An example embodiment of a user interface in “Multi-Target” mode is illustrated in FIG. 5. As in FIG. 4, FIG. 5 features drop-down menus 430, 440, and 450.

FIG. 5 features a list of input observations 510 and explanations 520. Explanations 520 is comprised of a series of explanation lists (522, 524, and 526), each explanation list measuring impact each input or observation has on a specified recommendation.

According to example explanation list 522, the probability of the recommendation “Simple Mode Amplification: Amplify” is 45.28% without any observations. According to the decision support tool, the overall decision probability increases from 45.28% to 100% when considering all five inputs. The explanation tool then presents the following explanations for how each input impacted the probability of the recommendation. Observation 1 (Sound Level=High Noise) increases the probability by 54.72%. Observations 2, 3, 4, and 5 (Body Motion=No Motion, Pulse Rate=Low or Undetected, Blood Pressure=Normal, Body Temperature=Normal) have little affect on the probability.

According to example explanation list 524, the probability of the recommendation “Complex Mode Amplification: Amplify” is 28% without any observations. According to the decision support tool, the overall decision probability increases from 28% to 99.27% when considering all five inputs. The explanation tool then presents the following explanations for how each input impacted the probability of the recommendation, Observation 1 (Sound Level=High Noise) increases the probability by 57.90%. Observation 2 (Body Motion=No Motion) increases the probability by 12.37%. Observations 3, 4, and 5 (Pulse Rate=Low or Undetected, Blood Pressure=Normal, Body Temperature=Normal) have little affect on the probability.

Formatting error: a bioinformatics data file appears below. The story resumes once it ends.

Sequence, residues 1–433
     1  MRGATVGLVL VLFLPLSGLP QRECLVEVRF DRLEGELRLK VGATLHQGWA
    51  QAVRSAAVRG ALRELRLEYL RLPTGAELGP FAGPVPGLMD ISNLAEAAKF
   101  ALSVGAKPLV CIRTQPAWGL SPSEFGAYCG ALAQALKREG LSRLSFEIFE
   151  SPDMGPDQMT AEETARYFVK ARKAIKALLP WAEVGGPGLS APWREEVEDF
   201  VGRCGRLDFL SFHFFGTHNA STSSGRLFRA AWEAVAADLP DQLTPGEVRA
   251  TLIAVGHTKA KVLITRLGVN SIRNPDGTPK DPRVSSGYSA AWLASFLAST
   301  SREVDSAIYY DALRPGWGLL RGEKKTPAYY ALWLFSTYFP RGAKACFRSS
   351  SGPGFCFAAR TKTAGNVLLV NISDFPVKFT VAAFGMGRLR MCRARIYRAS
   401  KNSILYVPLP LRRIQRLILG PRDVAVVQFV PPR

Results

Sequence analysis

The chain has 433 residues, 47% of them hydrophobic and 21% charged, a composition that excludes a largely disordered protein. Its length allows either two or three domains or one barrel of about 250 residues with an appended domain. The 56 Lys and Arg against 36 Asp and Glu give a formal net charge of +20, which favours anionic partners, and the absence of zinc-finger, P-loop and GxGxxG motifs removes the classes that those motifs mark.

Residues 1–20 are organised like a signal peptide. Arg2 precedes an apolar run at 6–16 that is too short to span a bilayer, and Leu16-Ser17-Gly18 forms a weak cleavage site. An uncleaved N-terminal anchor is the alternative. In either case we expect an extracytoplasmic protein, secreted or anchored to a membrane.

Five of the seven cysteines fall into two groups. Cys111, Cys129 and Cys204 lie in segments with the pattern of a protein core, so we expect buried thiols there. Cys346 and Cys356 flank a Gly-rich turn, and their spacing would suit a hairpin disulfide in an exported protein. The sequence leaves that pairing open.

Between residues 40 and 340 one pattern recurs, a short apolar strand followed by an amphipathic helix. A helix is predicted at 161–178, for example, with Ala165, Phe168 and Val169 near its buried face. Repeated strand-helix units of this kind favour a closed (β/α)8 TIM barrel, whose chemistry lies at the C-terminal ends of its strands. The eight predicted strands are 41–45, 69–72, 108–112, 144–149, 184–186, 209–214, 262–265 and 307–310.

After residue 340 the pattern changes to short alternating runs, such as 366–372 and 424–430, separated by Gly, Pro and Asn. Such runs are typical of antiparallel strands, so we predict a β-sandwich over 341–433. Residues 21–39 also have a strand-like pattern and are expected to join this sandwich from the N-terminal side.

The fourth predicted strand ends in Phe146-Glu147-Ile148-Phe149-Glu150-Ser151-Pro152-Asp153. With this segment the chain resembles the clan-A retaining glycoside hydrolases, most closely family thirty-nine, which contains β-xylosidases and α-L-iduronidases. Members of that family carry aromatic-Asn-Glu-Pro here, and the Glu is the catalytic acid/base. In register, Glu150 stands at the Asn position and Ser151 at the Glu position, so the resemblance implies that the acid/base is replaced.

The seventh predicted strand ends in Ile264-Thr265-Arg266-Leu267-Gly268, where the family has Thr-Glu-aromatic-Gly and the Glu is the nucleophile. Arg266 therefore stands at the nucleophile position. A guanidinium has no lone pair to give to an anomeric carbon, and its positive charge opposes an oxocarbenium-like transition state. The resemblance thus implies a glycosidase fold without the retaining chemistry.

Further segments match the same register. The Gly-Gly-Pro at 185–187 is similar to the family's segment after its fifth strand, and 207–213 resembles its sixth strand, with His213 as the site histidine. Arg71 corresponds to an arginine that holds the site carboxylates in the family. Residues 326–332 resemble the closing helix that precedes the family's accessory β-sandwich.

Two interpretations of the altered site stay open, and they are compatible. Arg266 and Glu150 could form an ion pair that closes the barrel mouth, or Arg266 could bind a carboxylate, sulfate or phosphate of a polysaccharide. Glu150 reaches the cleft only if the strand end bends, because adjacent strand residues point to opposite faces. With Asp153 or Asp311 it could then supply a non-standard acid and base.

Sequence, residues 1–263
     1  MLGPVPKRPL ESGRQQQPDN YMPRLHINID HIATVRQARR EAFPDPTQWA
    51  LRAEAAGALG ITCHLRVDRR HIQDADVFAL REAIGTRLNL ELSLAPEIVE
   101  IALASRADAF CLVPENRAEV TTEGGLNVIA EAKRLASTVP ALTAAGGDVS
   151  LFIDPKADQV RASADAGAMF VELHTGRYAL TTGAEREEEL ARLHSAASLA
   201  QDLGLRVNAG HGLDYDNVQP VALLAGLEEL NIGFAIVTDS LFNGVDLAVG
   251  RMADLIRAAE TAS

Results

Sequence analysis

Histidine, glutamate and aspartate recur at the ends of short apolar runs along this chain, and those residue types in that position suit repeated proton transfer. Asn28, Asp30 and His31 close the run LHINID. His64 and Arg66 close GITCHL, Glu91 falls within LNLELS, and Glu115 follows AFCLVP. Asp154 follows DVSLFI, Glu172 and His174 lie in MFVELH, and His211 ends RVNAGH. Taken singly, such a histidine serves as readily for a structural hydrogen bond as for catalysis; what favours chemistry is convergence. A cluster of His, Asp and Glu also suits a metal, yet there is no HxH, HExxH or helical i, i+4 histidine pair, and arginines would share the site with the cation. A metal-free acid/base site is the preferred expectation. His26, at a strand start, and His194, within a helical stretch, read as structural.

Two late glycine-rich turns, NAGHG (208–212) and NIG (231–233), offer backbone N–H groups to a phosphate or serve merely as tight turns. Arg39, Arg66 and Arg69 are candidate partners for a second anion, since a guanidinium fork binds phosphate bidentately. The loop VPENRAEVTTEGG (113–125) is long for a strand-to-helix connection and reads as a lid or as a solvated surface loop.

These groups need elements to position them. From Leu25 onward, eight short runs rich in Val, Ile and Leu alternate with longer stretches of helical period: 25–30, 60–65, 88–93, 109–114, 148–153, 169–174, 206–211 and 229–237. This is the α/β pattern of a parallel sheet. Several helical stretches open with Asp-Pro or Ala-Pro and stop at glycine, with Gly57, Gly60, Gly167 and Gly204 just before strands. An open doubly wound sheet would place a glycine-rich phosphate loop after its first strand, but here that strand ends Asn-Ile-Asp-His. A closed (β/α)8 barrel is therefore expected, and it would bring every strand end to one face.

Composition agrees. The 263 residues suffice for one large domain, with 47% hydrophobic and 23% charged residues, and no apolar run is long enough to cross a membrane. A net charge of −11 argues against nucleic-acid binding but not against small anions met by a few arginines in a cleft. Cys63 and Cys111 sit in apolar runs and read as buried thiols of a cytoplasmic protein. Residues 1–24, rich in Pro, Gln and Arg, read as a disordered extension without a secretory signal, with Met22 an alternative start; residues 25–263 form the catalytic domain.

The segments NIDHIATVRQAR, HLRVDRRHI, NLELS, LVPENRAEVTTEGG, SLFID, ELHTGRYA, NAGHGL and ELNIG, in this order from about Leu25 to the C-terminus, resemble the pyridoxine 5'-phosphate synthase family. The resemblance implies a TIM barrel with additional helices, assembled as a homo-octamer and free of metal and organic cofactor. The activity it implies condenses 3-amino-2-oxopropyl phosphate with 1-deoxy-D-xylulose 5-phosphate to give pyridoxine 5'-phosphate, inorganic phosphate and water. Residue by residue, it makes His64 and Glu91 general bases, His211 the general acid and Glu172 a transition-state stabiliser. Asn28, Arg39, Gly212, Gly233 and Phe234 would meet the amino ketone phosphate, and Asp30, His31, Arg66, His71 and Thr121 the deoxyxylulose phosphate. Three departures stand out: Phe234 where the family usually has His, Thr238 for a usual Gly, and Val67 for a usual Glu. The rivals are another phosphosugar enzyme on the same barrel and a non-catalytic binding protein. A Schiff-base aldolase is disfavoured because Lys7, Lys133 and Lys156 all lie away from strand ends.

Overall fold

According to example explanation list 526, the probability of the recommendation “Complex Mode Message Delivery: Delay” is 38.42% without any observations. According to the decision support tool, the overall decision probability decreases from 38.42% to 20.08% when considering all five inputs. The explanation tool then presents the following explanations for how each input impacted the probability of the recommendation. Observation 1 (Sound Level=High Noise) increases the probability by 9.8%. Observation 2 (Body Motion=No Motion) decreases the probability by 25.69%. Observations 3 (Pulse Rate=Low or Undetected) decreases the probability by 15.63%. Observation 4 (Blood Pressure=Normal) increases the probability by 12.49%. Observation 5 (Temperature=Normal) increases the probability by 0.69%.

In the embodiment illustrated in FIG. 5, the order of observations displayed in the list of input observations 510 may not necessarily match the order created by reordering metrics such as Posterior Deltas or Weight of Evidence.

Although several embodiments have been illustrated and described in detail, it will be recognized that substitutions and alterations are possible without departing from the spirit and scope of the present invention, as defined by the appended claims.

To aid the Patent Office, and any readers of any patent issued on this application in interpreting the claims appended hereto, applicants wish to note that they do not intend any of the appended claims to invoke 6 of 35 U.S.C. §112 as it exists on the date of filing hereof unless the words “means for” or “step for” are explicitly used in the particular claim.

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Referenced by
Citing PatentFiling datePublication dateApplicantTitle
US8438129 *May 19, 2010May 7, 2013Hrl Laboratories, LlcProbabilistic implementation of system health prognosis
Classifications
U.S. Classification706/52
International ClassificationG06F9/44, G06N7/06, G06N7/02
Cooperative ClassificationG06N5/045
European ClassificationG06N5/04E
Legal Events
DateCodeEventDescription
Feb 3, 2009ASAssignment
Owner name: RAYTHEON COMPANY, MASSACHUSETTS
Free format text: ASSIGNMENT OF ASSIGNORS INTEREST;ASSIGNORS:ALLEN, DAVID L.;SEIDA, STEVEN B.;PRZYTULA, KRZYSZTOF W.;REEL/FRAME:022197/0188;SIGNING DATES FROM 20081201 TO 20090203
Free format text: ASSIGNMENT OF ASSIGNORS INTEREST;ASSIGNORS:ALLEN, DAVID L.;SEIDA, STEVEN B.;PRZYTULA, KRZYSZTOF W.;SIGNING DATES FROM 20081201 TO 20090203;REEL/FRAME:022197/0188